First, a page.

National Institute on Aging
Income Security Policy Series
Economic Policy | Economics | Public Affairs, Public Policy and Public Administration | Public Policy
In this paper we use an estimating equation from the research of leading proponents of the view that minimum wage increases do not cause employment losses. Rather than using annual data from the May Current Population Survey (CPS), we test this hypothesis using monthly data from both the Survey of Income and Program Participation (SIPP) and the CPS. We find the traditional result that neoclassical theory would predict: minimum wage increases create employment losses that are concentrated among less valued workers. Minimum wage increases have an insignificant effect on the employment of prime age workers (aged 25 to 61), but they have large and significant negative employment effects on teenagers, young high school dropouts, and young blacks. Hence, the very people minimum wage policies claim to help are most likely to be adversely affected.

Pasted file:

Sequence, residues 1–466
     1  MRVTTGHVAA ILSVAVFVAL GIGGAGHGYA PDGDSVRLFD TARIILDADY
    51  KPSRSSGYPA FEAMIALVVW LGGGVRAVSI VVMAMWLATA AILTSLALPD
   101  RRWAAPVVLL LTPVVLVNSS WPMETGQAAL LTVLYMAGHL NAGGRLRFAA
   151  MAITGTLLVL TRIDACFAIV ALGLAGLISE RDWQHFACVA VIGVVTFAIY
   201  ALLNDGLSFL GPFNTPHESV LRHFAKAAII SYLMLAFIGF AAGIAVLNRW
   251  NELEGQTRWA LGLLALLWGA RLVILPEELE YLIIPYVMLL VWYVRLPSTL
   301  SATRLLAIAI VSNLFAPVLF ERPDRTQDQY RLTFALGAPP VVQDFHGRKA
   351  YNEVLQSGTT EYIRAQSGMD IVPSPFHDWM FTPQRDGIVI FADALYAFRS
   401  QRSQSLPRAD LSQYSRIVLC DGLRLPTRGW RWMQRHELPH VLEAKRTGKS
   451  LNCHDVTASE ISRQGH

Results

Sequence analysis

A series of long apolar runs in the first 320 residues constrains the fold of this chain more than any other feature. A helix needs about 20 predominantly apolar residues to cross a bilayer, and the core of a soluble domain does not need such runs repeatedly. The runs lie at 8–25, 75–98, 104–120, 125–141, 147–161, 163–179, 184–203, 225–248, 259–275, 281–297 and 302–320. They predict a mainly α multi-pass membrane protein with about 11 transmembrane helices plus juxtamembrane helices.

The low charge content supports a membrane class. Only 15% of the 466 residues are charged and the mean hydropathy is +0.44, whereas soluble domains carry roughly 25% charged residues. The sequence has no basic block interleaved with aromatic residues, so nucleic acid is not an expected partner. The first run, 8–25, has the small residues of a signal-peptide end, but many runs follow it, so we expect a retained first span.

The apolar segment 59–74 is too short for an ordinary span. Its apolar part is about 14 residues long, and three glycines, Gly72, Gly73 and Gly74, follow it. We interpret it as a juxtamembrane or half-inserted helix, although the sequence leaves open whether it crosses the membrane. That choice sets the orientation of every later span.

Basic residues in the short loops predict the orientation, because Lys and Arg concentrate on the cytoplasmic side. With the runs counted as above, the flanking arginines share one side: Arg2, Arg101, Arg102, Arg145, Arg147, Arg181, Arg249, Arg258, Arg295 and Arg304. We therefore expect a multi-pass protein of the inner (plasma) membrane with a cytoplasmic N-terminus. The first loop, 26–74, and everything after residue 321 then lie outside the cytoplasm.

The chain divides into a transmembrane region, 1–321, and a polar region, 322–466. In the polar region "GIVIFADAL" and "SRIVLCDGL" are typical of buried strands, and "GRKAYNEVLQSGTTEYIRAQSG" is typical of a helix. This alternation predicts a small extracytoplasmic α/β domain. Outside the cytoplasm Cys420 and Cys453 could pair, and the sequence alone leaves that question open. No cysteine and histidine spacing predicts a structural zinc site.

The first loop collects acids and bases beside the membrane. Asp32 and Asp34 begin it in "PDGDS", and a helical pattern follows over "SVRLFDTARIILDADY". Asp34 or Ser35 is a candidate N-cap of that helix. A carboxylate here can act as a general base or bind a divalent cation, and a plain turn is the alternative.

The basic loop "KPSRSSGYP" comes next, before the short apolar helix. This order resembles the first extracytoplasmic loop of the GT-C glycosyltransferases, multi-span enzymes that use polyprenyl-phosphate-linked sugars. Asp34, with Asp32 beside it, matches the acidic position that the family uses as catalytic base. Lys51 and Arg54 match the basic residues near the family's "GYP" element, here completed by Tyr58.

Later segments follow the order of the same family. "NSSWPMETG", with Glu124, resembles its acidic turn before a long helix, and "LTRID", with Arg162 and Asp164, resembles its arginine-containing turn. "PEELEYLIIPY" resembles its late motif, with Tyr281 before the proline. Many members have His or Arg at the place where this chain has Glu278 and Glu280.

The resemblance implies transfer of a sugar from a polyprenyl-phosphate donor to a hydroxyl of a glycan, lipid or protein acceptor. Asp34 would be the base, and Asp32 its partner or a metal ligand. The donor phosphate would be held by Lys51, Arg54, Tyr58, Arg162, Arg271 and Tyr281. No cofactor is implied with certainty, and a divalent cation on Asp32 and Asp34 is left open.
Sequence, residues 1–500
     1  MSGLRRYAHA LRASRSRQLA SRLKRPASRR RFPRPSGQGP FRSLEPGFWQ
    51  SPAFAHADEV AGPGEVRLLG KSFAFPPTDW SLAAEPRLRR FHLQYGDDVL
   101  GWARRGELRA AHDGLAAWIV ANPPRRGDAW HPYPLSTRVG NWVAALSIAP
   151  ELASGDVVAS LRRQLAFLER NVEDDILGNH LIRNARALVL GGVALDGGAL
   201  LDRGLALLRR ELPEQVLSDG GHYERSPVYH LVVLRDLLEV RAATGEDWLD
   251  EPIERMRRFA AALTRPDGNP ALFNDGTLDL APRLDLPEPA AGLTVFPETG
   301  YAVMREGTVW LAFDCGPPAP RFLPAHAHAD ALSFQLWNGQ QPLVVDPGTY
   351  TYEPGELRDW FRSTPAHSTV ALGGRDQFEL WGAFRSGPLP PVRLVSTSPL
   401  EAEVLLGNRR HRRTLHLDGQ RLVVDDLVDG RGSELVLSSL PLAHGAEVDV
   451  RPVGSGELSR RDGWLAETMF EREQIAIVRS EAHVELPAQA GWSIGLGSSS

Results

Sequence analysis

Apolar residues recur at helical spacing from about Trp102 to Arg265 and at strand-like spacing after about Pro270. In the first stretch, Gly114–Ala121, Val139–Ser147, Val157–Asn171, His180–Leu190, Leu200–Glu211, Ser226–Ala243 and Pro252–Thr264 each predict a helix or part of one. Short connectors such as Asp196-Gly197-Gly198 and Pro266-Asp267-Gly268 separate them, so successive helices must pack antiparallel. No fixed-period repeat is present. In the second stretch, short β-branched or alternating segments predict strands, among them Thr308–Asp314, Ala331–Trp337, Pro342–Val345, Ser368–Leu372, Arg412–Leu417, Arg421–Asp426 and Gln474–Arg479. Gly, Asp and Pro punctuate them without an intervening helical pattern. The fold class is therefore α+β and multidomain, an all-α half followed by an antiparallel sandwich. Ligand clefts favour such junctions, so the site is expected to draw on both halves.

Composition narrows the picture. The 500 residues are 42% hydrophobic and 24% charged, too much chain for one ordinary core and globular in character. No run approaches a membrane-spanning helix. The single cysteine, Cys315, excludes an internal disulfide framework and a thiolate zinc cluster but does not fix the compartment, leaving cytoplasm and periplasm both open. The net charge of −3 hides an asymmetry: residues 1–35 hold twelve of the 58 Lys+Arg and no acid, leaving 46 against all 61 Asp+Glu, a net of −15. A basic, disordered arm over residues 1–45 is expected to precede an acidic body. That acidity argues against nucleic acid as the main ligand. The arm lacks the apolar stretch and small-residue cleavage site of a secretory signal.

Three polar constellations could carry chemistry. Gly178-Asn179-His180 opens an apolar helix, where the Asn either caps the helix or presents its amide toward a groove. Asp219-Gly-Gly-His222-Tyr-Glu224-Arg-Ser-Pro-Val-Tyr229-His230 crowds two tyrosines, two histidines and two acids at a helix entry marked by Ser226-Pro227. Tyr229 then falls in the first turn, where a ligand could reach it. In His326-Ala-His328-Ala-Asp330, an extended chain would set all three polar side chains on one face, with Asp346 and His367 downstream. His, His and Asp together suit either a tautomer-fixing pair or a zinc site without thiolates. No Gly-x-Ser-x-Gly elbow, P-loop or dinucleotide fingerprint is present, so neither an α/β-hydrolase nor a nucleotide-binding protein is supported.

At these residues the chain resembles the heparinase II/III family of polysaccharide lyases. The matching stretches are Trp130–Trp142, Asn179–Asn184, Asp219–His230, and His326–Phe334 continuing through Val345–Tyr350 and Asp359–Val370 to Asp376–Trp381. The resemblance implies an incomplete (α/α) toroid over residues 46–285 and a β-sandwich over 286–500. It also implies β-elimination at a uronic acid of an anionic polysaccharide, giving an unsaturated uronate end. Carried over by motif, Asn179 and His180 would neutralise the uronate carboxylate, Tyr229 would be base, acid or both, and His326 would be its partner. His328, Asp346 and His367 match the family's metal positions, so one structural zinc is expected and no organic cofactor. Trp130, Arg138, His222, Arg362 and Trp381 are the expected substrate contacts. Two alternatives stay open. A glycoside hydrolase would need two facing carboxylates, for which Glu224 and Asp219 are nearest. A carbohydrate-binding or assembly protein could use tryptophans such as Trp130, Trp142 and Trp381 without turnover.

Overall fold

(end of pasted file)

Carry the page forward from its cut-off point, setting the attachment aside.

Burkhauser, Richard V.; Couch, Kenneth A.; and Wittenburg, David C., "Who Minimum Wage Increases Bite: An Analysis Using Monthly Data from the SIPP and CPS" (1997). Center for Policy Research. 402.
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